Others aren't so convinced. Earlier that week, Seattle Times columnist Danny Westneat had slammed Inslee for leaving Congress to focus on the governor's race, calling Inslee "the quitter who would be governor" (this after Seattlepi.com columnist Joel Connelly had already written a piece headlined "Quitting on your constituents: Jay Inslee does a Sarah Palin").

Just before Inslee dashed off from the High Point Community Center—so he could be introduced and loudly applauded at a big NARAL Pro-Choice Washington fundraiser later that evening—I asked Inslee what he thought of people calling him a quitter. He immediately brought up Connelly's attempt to link him to Palin, which had obviously irked him.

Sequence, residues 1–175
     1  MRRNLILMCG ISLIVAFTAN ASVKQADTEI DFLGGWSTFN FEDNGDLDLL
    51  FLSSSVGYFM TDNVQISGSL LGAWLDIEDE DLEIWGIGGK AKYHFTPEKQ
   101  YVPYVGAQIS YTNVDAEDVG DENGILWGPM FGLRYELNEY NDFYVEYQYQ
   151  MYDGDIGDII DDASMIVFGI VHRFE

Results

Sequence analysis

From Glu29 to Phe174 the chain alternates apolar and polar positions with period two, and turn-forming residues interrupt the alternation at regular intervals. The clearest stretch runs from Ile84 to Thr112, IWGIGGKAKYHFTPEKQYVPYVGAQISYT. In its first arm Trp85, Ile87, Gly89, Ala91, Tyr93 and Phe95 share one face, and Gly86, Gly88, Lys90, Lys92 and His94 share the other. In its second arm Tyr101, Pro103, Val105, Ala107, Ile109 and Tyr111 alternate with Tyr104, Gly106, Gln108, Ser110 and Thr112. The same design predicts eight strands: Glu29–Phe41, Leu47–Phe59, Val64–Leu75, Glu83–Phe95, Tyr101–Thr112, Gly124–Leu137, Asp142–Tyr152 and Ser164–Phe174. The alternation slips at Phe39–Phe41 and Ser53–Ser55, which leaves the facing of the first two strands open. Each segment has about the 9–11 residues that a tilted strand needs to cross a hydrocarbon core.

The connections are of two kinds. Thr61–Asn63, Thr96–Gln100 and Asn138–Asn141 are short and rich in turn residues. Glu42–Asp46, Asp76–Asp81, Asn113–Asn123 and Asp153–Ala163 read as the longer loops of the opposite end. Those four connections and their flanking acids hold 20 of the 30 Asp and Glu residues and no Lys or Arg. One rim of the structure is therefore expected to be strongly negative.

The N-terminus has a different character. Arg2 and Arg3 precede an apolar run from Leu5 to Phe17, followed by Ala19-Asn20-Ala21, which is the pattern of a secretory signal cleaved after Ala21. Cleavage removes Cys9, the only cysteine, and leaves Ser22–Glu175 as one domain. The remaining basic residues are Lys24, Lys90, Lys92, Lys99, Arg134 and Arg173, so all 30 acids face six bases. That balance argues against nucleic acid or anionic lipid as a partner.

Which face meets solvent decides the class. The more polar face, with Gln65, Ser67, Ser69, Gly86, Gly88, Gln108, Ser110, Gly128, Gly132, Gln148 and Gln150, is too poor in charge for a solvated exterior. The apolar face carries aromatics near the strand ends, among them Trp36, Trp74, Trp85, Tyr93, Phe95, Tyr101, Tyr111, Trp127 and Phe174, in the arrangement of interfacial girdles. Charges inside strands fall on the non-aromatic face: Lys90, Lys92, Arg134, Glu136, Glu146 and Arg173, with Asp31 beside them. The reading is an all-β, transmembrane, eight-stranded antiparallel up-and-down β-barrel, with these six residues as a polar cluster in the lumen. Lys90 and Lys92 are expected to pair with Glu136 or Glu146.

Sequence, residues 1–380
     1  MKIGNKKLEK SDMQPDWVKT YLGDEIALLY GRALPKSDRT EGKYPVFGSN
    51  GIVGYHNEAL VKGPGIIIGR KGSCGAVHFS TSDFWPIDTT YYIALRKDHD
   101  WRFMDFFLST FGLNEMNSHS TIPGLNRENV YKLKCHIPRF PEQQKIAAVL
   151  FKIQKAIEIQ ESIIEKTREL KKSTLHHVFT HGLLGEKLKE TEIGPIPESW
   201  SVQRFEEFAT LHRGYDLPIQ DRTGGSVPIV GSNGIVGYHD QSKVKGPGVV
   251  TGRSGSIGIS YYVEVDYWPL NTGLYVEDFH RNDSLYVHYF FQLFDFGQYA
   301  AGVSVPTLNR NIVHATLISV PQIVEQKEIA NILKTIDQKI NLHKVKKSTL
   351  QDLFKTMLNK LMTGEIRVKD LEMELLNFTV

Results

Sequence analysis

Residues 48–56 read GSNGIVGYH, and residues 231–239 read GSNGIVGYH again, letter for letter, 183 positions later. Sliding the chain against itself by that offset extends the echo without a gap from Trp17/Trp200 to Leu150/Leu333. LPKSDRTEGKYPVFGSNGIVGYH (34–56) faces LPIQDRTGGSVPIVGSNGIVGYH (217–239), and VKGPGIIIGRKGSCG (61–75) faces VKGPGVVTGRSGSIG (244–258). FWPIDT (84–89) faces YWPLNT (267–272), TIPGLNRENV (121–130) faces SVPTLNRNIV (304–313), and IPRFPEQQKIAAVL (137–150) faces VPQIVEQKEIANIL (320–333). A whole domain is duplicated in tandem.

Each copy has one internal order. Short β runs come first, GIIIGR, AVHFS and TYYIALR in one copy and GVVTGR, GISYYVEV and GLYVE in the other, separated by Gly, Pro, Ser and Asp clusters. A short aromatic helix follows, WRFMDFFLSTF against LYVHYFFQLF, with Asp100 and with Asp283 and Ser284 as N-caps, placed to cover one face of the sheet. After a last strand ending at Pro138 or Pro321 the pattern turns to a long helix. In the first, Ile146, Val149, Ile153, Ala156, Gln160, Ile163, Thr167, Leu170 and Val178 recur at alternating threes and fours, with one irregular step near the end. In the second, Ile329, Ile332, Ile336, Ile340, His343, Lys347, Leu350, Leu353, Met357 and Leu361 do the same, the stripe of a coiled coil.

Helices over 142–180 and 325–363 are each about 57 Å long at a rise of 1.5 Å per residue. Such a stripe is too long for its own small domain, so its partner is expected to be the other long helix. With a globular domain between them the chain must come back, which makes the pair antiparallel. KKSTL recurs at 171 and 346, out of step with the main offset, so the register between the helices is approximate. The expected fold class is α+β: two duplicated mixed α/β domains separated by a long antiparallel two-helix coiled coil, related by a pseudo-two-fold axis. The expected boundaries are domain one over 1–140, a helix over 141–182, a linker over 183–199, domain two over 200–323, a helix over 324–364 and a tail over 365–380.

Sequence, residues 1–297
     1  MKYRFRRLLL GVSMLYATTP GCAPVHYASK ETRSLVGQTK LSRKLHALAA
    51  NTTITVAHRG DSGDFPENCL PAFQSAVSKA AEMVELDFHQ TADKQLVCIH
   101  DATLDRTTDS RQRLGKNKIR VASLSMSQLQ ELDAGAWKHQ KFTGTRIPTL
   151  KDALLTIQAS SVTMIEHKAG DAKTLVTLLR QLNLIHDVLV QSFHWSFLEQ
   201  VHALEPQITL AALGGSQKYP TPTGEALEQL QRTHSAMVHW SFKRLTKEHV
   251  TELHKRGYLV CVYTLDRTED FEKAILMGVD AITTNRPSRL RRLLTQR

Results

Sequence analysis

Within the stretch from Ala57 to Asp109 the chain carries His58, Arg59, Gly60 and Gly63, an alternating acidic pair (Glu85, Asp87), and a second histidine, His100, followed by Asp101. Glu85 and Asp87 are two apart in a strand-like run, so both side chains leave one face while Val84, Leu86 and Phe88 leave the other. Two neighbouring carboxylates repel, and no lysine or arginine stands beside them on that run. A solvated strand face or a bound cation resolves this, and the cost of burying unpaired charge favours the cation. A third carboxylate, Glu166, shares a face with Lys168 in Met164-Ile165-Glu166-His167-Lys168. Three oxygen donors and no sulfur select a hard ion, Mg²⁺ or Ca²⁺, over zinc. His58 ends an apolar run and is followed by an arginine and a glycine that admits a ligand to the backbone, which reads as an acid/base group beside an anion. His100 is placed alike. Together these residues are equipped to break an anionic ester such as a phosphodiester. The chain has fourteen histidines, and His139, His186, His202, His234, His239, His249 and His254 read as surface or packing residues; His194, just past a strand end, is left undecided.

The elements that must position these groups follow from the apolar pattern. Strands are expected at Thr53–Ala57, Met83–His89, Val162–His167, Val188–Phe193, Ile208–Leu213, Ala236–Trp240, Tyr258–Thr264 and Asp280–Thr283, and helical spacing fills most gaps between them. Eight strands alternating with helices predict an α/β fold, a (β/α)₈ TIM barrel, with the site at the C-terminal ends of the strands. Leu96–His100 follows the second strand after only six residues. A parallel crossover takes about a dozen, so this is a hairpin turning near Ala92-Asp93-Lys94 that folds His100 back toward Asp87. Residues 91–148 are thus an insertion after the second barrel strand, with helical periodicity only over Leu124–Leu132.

"It's Rob McKenna who's connected to Sarah Palin," Inslee fumed, noting that Mc- Kenna endorsed the McCain-Palin ticket in 2008. "He thought she was fit to be vice president of the United States."

So what's the problem? What's keeping you behind in the polls?

"One candidate is much, much better known than the other candidate," Inslee answered. But, he quickly added, "We're not daunted. We're actually pleased with where we are. This is going to be a competitive race. This was always going to be a competitive race."

Would you be surprised to see your current "all in" strategy result in a poll next week that shows you pulling ahead?

"Yeah, I'd be a little surprised by that, actually," Inslee said.